She did not intend to kill Newsom according to the record but he did die due to the several blows. Celia was frightened and tried to burn his body and she was not successful so there was the necessary evidence to bring her to trial. Celia did have legal representation however the lawyers couldn’t defend her because slaves were not allowed to testify in court. Celia was not considered a victim of rape because rape did not apply to the slave population. In addition to that it was also held that Newsom owned Celia as property and he could not be a perpetrator of a such crime.

Now this bring us to an important point when students and teachers study the slavocracy and dynamics is that slavery laws only protected the slave owners. What this meant is that if a slave woman was raped she was treated as a piece of property that had been trespassed and damages would have to be paid to the slave owner. Other aspects of the case include the use of hearsay evidence that was not used Celia’s trial. Also, the judge did not allow Celia’s testimony and did not get the full discussion why she hit Newsom and was convicted of murder on October 1855.

Celia was sentenced to death by hanging and people were outraged by this case due to the outcome and because there was an appeal at the Supreme Court, but the execution was still set to take place. Some people tried to kidnap Celia before her execution date and they were able to do so and held her to the execution date passed but that did not save her life. They hung her in December 1855 for the murder of her slave master Newsom. When you look at the case of Celia pay close attention to the key points about the slavocracy and law, children follow the status of the mother so if the mother was slave than, so the kids were also slaves.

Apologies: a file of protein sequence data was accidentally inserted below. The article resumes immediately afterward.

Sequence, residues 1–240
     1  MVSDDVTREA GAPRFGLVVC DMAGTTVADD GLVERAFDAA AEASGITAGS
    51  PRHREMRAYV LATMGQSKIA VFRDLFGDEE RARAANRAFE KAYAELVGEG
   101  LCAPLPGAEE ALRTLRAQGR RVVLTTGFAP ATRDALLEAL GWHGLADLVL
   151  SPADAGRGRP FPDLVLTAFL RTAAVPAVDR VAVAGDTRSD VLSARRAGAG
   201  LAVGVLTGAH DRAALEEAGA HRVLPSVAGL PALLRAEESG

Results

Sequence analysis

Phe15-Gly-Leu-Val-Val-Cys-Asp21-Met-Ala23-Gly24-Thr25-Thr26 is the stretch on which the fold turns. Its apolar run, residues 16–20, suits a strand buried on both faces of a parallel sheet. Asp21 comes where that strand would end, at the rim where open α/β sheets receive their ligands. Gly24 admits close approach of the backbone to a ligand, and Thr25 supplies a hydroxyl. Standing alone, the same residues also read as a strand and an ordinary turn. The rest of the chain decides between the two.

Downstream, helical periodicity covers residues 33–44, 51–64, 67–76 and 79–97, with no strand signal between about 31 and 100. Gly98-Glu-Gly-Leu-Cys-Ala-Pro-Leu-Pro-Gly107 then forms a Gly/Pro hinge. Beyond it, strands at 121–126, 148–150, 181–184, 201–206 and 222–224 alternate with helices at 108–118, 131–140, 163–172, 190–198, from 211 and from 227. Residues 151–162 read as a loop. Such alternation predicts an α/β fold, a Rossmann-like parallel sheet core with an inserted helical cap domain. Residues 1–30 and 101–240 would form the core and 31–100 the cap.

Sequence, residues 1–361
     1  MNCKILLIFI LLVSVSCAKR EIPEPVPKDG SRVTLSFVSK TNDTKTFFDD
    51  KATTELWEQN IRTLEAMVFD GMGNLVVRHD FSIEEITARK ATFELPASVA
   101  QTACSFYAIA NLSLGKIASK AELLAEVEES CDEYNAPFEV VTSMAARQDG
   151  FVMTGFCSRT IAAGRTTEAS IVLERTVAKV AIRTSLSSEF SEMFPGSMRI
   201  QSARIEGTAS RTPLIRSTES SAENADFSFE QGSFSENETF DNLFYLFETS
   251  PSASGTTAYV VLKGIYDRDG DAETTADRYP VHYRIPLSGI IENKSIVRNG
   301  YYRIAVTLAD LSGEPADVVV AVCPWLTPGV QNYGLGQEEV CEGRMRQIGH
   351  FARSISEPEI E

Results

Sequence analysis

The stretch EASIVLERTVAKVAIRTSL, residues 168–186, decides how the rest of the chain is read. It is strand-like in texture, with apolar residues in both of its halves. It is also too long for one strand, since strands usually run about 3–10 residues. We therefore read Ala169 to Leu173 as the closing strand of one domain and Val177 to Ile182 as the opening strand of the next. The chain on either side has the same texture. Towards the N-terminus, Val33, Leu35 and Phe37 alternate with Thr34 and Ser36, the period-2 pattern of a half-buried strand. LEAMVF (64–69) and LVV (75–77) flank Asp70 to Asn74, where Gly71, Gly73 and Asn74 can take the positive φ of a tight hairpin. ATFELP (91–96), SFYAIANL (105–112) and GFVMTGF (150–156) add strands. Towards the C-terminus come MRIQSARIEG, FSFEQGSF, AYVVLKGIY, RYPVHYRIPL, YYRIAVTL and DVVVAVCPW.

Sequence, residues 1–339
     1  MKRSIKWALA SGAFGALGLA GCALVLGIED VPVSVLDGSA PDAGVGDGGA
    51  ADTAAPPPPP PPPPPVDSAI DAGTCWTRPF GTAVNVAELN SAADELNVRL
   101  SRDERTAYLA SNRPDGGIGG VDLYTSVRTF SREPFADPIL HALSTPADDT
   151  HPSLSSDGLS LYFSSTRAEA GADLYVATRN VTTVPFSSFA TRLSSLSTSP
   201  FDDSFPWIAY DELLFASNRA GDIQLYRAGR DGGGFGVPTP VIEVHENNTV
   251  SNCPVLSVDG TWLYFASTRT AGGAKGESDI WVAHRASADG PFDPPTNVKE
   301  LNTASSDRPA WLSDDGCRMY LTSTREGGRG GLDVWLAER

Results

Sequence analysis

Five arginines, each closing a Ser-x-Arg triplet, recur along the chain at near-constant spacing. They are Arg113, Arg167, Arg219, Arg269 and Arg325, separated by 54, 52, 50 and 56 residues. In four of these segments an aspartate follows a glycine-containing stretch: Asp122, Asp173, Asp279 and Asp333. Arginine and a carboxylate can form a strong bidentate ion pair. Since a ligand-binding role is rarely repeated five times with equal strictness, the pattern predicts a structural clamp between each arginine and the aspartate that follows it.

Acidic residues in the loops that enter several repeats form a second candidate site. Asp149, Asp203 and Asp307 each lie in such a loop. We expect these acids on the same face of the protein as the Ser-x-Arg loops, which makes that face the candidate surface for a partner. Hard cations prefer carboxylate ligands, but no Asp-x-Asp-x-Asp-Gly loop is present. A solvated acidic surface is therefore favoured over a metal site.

The biracial kids that Celia conceived were slaves and it is important to note that enslaved women were not given the same protection as white women. A black woman could be raped and not be against the law and this case there was a double standard when it came to enslave Africans before the court. Proceedings could be eliminated or ignored because slaves were devalued of a human being and not contributed the same rights as the whites.

Melton A. McLaurin wants readers to understand that the purpose of this book is the Celia’s case offers us important insights in how gender and racial oppression make enslaved women completely powerless to protect themselves from sexual exploitation. How the moral vagueness causes by slavery is often reconciled in the courts, whose rulings alleviate the white Southerners crises of conscience when confronted.

McLaurin uses this story also to reveal the tensions that strained the fabric of antebellum southern society. He wants readers to understand and focus on the role of gender that the inability of male slaves to defend slave women and in addition how Celia demonstration on how one master’s abuse of power.